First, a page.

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The United Nations International School on Monday received 42 books in Japanese donated by first lady Akie Abe. They will be made available to the 100 or so students studying the language at the school’s Manhattan campus.

Ambassador to the U.N. Motohide Yoshikawa told an audience of students, school officials and parents gathered in the library that he hopes the books will encourage “students of different nationalities to learn Japanese.”

The books range from classics, such as Kenji Miyazawa’s “Night on the Galactic Railroad” and contemporary writer Kiyoshi Shigematsu’s “Knife,” which addresses bullying, to Prime Minister Shinzo Ab’s own volume of political writing, “Atarashii Kunie” (“Toward a New Nation”).

The international school is attended by many children of U.N diplomats and staff.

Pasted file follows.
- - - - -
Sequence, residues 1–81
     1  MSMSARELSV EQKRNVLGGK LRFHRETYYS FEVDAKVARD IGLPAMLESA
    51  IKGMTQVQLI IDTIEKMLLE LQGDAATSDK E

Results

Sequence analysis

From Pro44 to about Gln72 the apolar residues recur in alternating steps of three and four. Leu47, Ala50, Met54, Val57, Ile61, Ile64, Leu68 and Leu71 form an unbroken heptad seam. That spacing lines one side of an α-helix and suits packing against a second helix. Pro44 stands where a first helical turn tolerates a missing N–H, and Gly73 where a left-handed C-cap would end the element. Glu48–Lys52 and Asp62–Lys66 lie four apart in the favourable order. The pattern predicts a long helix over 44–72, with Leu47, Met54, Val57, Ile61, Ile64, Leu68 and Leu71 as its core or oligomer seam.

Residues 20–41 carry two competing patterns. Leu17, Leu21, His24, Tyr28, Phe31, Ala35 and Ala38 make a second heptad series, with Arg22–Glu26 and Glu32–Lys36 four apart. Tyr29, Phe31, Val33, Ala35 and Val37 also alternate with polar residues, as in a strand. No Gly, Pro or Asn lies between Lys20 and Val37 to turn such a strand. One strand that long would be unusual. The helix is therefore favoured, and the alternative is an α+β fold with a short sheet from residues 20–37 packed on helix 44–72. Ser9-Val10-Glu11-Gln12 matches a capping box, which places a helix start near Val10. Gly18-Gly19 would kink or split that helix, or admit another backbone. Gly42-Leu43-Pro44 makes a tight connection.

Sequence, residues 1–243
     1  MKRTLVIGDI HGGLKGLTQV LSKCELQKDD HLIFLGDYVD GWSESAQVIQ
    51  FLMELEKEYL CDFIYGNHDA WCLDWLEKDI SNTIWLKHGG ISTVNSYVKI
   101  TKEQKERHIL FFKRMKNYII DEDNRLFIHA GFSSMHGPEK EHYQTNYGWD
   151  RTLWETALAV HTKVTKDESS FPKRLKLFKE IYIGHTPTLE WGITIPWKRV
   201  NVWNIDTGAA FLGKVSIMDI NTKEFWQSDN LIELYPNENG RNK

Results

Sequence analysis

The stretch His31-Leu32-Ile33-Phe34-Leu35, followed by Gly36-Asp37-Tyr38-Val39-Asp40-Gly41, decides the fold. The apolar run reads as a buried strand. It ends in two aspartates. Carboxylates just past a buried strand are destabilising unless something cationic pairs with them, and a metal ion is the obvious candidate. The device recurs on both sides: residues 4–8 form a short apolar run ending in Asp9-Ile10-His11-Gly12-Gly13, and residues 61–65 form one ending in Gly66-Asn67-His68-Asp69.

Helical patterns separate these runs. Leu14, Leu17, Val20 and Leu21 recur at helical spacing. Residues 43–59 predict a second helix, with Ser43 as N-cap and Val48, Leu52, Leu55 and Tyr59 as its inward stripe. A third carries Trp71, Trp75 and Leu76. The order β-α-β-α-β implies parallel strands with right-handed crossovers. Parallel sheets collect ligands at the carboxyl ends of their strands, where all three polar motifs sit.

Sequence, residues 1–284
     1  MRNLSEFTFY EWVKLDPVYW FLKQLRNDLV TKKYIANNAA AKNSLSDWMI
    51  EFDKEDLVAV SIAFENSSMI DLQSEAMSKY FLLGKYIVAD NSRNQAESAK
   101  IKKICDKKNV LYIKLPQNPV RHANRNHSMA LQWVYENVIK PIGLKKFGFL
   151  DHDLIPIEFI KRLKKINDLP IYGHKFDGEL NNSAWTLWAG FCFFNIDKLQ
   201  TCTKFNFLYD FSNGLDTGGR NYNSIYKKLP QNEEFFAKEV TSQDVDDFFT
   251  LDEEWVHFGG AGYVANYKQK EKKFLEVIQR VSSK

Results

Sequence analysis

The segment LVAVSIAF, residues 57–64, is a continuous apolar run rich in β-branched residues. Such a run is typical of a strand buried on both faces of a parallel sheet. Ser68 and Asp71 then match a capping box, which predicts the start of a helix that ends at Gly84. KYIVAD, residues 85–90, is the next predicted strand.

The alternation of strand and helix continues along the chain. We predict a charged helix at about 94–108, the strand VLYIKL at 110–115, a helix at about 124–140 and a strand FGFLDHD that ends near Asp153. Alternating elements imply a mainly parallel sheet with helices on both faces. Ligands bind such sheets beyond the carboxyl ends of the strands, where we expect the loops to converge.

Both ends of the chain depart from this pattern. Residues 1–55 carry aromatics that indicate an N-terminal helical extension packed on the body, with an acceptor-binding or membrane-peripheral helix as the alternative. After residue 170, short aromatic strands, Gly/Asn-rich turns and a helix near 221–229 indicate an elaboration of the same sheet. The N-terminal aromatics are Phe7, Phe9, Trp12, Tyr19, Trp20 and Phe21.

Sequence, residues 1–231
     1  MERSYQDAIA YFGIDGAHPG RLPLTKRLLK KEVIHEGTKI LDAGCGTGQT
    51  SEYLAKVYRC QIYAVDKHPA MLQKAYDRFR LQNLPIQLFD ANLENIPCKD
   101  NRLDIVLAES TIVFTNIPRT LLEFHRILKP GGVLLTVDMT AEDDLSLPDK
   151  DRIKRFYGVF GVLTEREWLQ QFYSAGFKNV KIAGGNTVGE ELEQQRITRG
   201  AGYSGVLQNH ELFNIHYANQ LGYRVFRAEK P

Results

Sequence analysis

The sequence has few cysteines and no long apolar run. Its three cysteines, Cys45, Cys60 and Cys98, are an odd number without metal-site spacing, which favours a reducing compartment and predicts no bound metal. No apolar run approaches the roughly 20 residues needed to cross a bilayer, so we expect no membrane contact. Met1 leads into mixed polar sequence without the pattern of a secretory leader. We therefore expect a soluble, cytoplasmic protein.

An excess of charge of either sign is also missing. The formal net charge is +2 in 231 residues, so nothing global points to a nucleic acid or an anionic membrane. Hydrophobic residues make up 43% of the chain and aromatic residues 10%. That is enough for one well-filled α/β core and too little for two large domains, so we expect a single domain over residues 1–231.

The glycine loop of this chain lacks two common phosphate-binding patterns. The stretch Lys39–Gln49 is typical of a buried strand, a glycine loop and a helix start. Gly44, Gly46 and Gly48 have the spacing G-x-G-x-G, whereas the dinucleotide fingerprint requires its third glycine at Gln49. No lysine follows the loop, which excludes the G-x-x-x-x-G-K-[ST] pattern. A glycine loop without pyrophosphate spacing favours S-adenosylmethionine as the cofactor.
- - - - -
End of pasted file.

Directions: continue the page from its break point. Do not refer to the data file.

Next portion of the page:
Shigeta Komatsubara, 17, who was born in Paris and is considering pursuing a career in international relations, said the books will be a valuable resource for students seeking to learn more about his country.

“I think really it helps the UNIS students understand the current state of Japan,” he said.

Dutch student Leenesa Gheneti, who is studying Japanese, said it is sometimes difficult to find books of an appropriate level of difficulty.

“So just having even more sources to use means a lot,” the 17-year-old senior said.

The school’s executive director, Jane Camblin, noted how the Japanese program has grown from an after-school and weekend activity in the 1970s to a full-fledged program in the 1980s. The current intensive program now draws some 100 students, two-thirds of whom are not Japanese.

“I think (the book donation) is the occasion to underline how important our relationship with Japan and with the Japanese ministry of education has been to the school,” she said.

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